Visit Los Glaciares National Park and admire the large glaciers at this awe-inspiring World Heritage site.
Danakil Depression, Ethiopia
The Danakil Depression is the hottest place on earth year-round. You'll be better off going in the Winter than in the Summer, but keep in mind that it's still really hot during the colder months, although it's more bearable.
Kyaut Sae Cave, Myanmar
This majestic cave holds a Buddhist temple inside its depths.
Cave of the Crystals, Mexico
Some of the world's largest natural crystals can be found in this cave.
Caño Cristales, Colombia
This amazing river is also called the River of Five Colors because of its vast array of hues.
Spotted Lake, Canada
Large spots appear on the British Columbian lake during the Summer when the water evaporates.
Horseshoe Bend, USA
One of the most beautiful natural attractions to see in Arizona, known for its horseshoe-shaped river and the glass-like surface of the water.
Lavender Fields, France
Take in the wonderful scent of the flowers as you frolic through the lavender fields in Provence.
Canola Flower Fields, China
These sprawling fields of yellow flowers will brighten any trip you take.
Ik Kil Cenote, Mexico
A cenote is a natural sinkhole that fills up with water — many people in past civilizations would use it as a natural well for water. Ik Kil is one of the more famous cenotes in Mexico and is well worth a visit.
Tierra del Fuego, Argentina
An archipelago off the south of South America, Tierra del Fuego has plenty of natural wonders for tourists to gawk at, including glaciers, forests, and mountains. Some of the island's trees grow horizontally because of the strong gusts of wind from the Antarctic, and they are a sight to see.
Haiku Stairs, Hawaii
Haiku Stairs is also called the Stairway to Heaven, and many say it is worth the 3,922 steps it takes to get to the top. The view is said to be quite heavenly.
Source: Instagram user izzylivin , Instagram user noordinaryview 
Mount Roraima, South America
Mount Roraima is a mountain range that borders Venezuela, Brazil, and Guyana. What's unique about this mountain is its flat, tabletop surface, which in the midst of clouds looks like something really magical.
Monasteries precariously perched on top of sandstone rock pillars make Meteora a must-see sight.
Champagne Pool, New Zealand
This geothermal pool is a hot spring that gets its boozy name from the bubbly nature of its waters.
Chittorgarh Fort, India
One of the largest forts in India, Chittorgarh has amazing views, incredible ruins, and tons of history.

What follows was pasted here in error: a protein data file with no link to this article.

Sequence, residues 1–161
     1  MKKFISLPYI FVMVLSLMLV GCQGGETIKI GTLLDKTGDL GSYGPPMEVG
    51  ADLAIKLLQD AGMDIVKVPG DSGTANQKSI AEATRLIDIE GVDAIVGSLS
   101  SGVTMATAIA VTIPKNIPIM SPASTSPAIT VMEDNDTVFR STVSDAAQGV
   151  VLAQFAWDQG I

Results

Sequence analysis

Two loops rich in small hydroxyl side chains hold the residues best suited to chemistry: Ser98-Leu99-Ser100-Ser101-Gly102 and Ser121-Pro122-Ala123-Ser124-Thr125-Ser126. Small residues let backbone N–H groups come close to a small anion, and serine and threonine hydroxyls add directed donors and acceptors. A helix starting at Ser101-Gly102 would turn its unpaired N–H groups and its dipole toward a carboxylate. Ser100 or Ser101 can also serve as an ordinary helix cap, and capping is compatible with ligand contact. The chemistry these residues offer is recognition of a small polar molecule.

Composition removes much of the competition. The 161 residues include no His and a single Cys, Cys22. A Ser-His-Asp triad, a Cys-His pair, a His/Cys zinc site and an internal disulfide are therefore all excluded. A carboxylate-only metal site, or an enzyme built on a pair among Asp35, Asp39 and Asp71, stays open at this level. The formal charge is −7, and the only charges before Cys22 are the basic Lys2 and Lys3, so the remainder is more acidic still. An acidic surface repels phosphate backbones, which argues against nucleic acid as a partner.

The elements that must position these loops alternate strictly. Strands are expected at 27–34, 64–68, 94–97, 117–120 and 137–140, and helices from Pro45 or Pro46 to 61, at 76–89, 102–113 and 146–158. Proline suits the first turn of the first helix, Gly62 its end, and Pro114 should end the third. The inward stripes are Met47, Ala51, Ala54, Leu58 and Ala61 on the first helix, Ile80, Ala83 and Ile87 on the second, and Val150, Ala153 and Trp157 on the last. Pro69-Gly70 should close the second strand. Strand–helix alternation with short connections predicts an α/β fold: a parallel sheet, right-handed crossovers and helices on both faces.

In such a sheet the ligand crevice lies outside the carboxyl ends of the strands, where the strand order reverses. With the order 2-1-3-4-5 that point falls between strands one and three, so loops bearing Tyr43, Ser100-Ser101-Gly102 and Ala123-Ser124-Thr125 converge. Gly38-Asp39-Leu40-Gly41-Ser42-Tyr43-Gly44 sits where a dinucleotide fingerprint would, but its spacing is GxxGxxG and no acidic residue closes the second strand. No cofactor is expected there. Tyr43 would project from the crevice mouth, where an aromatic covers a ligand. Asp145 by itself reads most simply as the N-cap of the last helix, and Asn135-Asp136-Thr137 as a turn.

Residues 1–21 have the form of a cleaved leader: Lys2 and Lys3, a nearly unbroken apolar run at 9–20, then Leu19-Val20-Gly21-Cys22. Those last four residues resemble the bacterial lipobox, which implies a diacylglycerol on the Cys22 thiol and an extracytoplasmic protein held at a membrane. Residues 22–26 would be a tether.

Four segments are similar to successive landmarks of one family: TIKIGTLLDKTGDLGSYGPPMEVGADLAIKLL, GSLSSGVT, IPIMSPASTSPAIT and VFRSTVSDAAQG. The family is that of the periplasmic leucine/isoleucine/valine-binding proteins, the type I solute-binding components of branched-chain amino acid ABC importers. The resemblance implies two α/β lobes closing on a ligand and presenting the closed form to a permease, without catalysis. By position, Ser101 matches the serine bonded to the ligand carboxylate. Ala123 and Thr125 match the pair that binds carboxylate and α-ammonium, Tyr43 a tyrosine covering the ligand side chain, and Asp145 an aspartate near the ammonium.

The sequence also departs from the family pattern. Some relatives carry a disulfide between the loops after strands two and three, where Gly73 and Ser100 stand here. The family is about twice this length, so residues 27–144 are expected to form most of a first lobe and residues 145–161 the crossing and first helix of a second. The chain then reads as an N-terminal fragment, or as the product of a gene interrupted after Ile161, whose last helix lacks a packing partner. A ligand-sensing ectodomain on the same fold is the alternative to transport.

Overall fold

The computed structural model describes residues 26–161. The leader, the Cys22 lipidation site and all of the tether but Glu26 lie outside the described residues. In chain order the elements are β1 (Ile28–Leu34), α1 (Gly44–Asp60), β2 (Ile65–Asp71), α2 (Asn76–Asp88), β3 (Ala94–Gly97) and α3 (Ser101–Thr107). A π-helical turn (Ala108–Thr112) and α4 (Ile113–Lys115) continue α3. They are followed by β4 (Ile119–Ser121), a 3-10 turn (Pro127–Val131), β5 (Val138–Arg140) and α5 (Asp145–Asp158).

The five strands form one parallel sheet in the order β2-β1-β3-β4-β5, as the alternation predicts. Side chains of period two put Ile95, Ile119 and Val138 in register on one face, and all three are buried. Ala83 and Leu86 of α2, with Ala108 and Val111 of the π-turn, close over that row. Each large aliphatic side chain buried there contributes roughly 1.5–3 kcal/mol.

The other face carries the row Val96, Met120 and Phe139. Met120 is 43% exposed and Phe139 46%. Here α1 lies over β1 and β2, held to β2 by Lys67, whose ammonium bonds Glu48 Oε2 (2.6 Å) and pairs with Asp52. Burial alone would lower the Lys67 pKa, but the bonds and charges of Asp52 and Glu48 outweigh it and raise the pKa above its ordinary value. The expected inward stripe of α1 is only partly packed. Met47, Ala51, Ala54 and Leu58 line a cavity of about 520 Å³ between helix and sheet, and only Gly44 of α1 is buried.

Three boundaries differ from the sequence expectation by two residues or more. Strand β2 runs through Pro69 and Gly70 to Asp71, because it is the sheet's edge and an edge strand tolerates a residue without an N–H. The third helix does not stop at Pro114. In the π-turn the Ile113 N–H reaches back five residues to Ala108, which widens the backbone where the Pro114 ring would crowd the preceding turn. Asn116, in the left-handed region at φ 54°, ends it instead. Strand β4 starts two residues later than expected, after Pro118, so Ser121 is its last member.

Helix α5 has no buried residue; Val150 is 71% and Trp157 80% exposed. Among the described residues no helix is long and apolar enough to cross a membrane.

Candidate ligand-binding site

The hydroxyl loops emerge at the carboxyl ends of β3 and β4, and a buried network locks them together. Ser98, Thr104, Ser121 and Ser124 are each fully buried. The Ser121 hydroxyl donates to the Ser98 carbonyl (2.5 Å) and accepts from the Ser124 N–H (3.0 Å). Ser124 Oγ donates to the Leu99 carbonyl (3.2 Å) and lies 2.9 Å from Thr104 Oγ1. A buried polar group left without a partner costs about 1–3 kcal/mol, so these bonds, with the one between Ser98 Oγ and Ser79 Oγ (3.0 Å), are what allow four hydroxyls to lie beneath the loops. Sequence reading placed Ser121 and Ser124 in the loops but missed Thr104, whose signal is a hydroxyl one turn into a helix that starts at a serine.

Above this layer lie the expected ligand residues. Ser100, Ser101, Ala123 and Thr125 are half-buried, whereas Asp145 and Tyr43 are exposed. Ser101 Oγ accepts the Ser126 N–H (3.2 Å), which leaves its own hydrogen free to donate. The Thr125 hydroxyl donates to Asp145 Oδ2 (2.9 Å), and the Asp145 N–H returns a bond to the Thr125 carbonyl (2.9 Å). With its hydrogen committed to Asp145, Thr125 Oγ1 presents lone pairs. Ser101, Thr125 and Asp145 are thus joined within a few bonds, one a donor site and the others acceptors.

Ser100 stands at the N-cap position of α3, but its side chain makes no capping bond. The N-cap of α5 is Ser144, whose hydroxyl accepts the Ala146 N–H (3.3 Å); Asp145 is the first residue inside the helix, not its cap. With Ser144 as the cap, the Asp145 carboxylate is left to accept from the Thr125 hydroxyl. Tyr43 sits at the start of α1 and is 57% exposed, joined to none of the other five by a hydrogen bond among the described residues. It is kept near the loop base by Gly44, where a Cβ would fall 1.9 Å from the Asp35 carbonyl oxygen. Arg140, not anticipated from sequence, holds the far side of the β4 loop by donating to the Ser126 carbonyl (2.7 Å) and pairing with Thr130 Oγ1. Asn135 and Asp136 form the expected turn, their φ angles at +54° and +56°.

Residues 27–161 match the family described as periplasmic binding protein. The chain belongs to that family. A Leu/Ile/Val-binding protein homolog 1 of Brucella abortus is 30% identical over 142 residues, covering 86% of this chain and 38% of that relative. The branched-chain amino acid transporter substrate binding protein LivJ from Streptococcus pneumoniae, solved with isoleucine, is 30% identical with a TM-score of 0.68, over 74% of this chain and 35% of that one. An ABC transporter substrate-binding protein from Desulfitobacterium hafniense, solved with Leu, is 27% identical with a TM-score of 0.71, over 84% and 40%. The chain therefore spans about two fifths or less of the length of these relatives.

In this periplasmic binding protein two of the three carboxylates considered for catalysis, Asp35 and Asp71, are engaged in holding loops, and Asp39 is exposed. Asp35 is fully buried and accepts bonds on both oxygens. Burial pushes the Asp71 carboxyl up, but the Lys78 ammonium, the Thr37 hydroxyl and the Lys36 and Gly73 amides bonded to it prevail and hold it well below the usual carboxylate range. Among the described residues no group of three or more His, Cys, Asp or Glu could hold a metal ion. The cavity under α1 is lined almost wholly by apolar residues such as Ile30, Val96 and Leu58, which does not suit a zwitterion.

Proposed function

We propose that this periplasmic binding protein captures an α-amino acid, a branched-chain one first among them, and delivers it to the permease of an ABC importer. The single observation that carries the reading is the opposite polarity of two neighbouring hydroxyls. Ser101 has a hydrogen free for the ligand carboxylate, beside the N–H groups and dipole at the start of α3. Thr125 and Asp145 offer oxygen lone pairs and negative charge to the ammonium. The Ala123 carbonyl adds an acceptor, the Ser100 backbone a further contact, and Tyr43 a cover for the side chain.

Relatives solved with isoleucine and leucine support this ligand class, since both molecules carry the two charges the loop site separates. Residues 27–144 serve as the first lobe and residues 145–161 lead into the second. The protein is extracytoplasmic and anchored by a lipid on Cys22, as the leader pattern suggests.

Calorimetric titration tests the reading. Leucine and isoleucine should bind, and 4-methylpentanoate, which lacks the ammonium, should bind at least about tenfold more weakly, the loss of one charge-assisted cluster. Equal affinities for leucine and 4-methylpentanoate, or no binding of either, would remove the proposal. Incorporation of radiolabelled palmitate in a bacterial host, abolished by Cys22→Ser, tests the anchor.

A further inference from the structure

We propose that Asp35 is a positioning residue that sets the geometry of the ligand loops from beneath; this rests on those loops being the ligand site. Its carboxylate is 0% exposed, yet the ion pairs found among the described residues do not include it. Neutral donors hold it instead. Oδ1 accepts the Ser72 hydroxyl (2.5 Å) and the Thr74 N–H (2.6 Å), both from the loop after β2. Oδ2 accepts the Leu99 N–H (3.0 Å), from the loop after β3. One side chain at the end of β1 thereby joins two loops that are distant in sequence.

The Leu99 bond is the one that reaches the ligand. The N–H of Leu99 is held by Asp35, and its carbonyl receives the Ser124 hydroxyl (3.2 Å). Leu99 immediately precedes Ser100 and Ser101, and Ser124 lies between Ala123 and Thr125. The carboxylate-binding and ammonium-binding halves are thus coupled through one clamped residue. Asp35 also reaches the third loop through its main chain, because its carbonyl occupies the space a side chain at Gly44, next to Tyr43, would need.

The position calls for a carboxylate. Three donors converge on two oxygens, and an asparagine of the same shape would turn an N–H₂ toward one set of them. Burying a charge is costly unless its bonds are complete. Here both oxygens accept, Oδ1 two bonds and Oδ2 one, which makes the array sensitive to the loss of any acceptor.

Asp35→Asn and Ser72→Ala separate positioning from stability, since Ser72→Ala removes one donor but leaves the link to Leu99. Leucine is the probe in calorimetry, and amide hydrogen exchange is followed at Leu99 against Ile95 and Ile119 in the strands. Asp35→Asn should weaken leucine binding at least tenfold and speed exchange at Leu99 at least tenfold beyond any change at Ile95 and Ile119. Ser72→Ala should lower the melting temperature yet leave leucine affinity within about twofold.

Ait Benhaddou, Morocco
Ait Benhaddou is an impressive fortified city (or ksar) made up of many kasbahs, earthen buildings made from mud and straw.
Basilica Cistern, Turkey
The largest of hundreds of ancient cisterns that lie under Istanbul.
Angkor Wat, Cambodia
Angkor Wat, first a Hindu and then Buddhist temple in Cambodia, is the largest religious monument in the world.
Preikestolen, or the Pulpit Rock, is a huge destination point for hikers, adventurous travelers, and anyone else willing to brave the heights for some amazing views.
Mara River, Kenya
Mara River is definitely worth a visit during the time of the wildebeest migration. Watch the large herd cross the Mara River while battling hungry crocodiles.
Katikies Hotel Cave Pool, Greece
This Greek hotel pool boasts crystal-clear water and views of the sea from the confines of a white concrete cave.
Machu Picchu, Peru
Take a trip back in history to the time of the Incas in 1450 when you visit the ancient ruins of Machu Picchu. The structures were thought to serve as a royal retreat, ceremonial site, or military stronghold, according to National Geographic. Today, the ancient ruins provide a breathtaking contrast against the backdrop of the Peruvian Andes.
Source: Flickr user szeke 
Tulip Fields, Netherlands
These sprawling tulip fields near Amsterdam are the definition of picturesque.
Fairy Pools in Isle of Skye, Scotland
Stroll to the rushing waters of Scotland's famous fairy pools.
Shotover River in New Zealand (Doctored)
OK, so this photo is actually not real, but we thought we'd include it for kicks. You've probably seen this image floating around on Pinterest, and it's commonly referred to as the Fairy Pools, Isle of Sky from Scotland. The truth is, the photo is of Shotover River in New Zealand, and it has been doctored to have purple trees.